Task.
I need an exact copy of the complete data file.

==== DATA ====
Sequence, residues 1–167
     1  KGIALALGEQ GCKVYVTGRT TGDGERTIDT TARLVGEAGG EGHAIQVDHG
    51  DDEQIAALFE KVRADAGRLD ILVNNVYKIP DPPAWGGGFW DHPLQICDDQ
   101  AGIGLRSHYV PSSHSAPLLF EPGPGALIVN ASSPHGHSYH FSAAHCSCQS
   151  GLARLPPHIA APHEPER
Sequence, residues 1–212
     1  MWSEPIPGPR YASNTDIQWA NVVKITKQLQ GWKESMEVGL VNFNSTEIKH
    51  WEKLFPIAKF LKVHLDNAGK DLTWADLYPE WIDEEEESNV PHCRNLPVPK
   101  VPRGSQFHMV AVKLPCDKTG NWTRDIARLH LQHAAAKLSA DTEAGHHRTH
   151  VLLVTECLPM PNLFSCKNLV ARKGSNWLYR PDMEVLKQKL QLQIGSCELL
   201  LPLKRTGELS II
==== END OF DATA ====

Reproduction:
Sequence, residues 1–167
     1  KGIALALGEQ GCKVYVTGRT TGDGERTIDT TARLVGEAGG EGHAIQVDHG
    51  DDEQIAALFE KVRADAGRLD ILVNNVYKIP DPPAWGGGFW DHPLQICDDQ
   101  AGIGLRSHYV PSSHSAPLLF EPGPGALIVN ASSPHGHSYH FSAAHCSCQS
   151  GLARLPPHIA APHEPER
Sequence, residues 1–212
     1  MWSEPIPGPR YASNTDIQWA NVVKITKQLQ GWKESMEVGL VNFNSTEIKH
    51  WEKLFPIAKF LKVHLDNAGK DLTWADLYPE WIDEEEESNV PHCRNLPVPK
   101  VPRGSQFHMV AVKLPCDKTG NWTRDIARLH LQHAAAKLSA DTEAGHHRTH
   151  VLLVTECLPM PNLFSCKNLV ARKGSNWLYR PDMEVLKQKL QLQIGSCELL
   201  LPLKRTGELS II